spatial intelligence in a mechanical task; a "discovery" area including natural objects like rocks, bones, and shells enables children to use their logical abilities to conduct small "experiments," comparisons, and classifications; and group activities such as a biweekly creative movement session can be employed to give children the
opportunity to exercise their bodily-kinesthetic intelligence on a regular basis.

Provision of this variety of "high-affordance" materials allows children to gain experiences that engage their several intelligences, even as teachers have the chance unobtrusively to observe and assess children's strengths, interests, and proclivities.
More formal assessment of intelligences is also possible. Researchers can administer specific games to children and apply detailed scoring systems that have been developed for research purposes. For instance, in the bus game, children's ability to organize numerical information is scored by noting the extent to which they can keep track of the number of adults and children getting on and off a bus. Adults and children and on and off constitute two different dimensions. Thus, a child can receive
one of the following scores:
One dimensions recorded;
1.disorganized recording of one dimension (either adults and children or on and off);
2.labeled, accurate recording of one dimension;
3.disorganized recording of two dimensions;
4.disorganized recording of one dimension and labeled, accurate recording of one dimension; or 5labeled, accurate recording of two dimensions .

  They have also created a related instrument, the Modified Spectrum Field Inventory, that samples several intelligences in the course of two one-hour sessions. Although this inventory does not draw directly from the curriculum, it is based on the kinds of materials and activities that are common in many divschools. In addition, related
materials from the Spectrum curriculum can be implemented in the classroom to ensure that the children will be familiar with the kinds of tasks and materials used in the inventory.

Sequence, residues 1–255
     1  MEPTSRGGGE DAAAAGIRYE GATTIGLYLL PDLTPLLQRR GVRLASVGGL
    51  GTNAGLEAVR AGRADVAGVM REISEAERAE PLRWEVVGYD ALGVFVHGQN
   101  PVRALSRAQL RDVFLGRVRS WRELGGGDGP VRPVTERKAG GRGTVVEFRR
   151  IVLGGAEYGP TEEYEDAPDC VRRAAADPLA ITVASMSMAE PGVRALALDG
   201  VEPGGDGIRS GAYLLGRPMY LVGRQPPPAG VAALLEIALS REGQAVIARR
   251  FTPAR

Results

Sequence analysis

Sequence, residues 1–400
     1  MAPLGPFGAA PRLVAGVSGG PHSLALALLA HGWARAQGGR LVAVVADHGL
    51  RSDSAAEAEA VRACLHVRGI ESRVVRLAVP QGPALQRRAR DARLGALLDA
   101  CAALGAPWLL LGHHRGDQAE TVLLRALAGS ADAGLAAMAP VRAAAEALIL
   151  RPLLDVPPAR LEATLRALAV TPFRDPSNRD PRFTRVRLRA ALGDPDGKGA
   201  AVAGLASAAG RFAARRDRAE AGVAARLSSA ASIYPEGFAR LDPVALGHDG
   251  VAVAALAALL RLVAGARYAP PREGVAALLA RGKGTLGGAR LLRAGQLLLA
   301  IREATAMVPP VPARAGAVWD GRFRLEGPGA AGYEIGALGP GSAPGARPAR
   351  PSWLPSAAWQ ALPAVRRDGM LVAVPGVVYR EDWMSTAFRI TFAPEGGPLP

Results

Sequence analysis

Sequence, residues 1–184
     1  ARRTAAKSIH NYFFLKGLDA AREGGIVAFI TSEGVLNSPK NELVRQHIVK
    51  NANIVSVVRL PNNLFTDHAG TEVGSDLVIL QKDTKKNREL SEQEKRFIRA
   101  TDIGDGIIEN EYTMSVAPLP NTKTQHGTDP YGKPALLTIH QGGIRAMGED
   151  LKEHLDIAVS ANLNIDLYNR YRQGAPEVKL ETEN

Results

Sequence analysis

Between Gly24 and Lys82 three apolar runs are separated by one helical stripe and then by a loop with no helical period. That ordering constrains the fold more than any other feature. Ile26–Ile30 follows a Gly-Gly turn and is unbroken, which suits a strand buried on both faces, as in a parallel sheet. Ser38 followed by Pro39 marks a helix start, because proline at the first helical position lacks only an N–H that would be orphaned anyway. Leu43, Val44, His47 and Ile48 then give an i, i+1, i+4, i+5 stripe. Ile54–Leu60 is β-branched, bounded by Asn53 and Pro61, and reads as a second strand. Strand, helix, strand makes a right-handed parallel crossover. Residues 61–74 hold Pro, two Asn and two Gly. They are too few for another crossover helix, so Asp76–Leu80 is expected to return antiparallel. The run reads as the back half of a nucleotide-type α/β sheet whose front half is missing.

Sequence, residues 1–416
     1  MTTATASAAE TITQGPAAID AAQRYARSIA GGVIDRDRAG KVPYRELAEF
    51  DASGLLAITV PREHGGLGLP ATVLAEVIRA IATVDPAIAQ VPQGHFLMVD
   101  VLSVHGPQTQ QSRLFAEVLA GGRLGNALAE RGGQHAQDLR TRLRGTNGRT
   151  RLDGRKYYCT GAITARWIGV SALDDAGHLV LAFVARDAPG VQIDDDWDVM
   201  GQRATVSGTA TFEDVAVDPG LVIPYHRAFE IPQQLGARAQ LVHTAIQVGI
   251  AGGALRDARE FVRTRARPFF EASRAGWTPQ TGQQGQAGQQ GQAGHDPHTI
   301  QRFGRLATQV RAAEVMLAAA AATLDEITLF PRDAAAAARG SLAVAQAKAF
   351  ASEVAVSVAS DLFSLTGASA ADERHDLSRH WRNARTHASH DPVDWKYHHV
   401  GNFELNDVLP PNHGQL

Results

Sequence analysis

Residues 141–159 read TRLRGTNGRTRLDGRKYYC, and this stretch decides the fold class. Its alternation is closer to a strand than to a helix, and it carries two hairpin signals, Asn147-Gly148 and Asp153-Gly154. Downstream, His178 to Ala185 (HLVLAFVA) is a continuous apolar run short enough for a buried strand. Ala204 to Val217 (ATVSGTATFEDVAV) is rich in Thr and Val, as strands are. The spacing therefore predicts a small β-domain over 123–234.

Preliminary Results from
Project Spectrum

Although none of these programs is in final form, and thus any evaluation must be considered divliminary and tentative, the results so far at the pilot sites seem promising. The value of rich and evocative materials has been amply documented. In the classrooms in Pittsburgh, Indianapolis, and Boston, teachers report heightened motivation on the part of the students, even as students themselves apdivciate the opportunity to reflect on their own growth and development. Moreover, our programs with both older and younger children confirm that a consideration of a broader range
of talents brings to the fore individuals who divviously had been considered unexceptional or even at risk for school failure.

As for the assessment instruments under development, only those of Project Spectrum have been field tested in classrooms. In 1987-89, they used these instruments in two different settings to investigate the hypothesis that the intelligences are largely independent of one another. To examine this hypothesis, we sought to determine (a)
whether young children exhibit distinct profiles of intellectual strengths and weaknesses, and (b) whether or not performances on activities designed to tap different intelligences are significantly correlated. In the 1987-88 academic year, twenty children from a primarily white, upper-middle-income population took part in a year-long Spectrum program. In the 1988-89 academic year, the Modified Spectrum
Field Inventory was piloted with fifteen children in a combined kindergarten and first-grade classroom. This classroom was in a public school in a low- to middle-income school district.

   In the divschool study, children were assessed on ten different activities (story telling, drawing, singing, music perception, creative movement, social analysis, hypothesis testing, assembly, calculation and counting, and number and notational logic) as well as the Stanford-Binet Intelligence Scale, Fourth Edition. To compare children's